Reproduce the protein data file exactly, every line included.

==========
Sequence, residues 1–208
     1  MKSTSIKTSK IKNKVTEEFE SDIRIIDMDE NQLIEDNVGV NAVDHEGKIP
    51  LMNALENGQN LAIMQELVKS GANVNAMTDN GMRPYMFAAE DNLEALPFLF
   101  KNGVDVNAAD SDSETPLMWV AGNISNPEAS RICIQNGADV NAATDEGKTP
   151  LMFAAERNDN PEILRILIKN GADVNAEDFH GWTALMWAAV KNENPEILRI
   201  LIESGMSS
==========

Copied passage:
Sequence, residues 1–208
     1  MKSTSIKTSK IKNKVTEEFE SDIRIIDMDE NQLIEDNVGV NAVDHEGKIP
    51  LMNALENGQN LAIMQELVKS GANVNAMTDN GMRPYMFAAE DNLEALPFLF
   101  KNGVDVNAAD SDSETPLMWV AGNISNPEAS RICIQNGADV NAATDEGKTP
   151  LMFAAERNDN PEILRILIKN GADVNAEDFH GWTALMWAAV KNENPEILRI
   201  LIESGMSS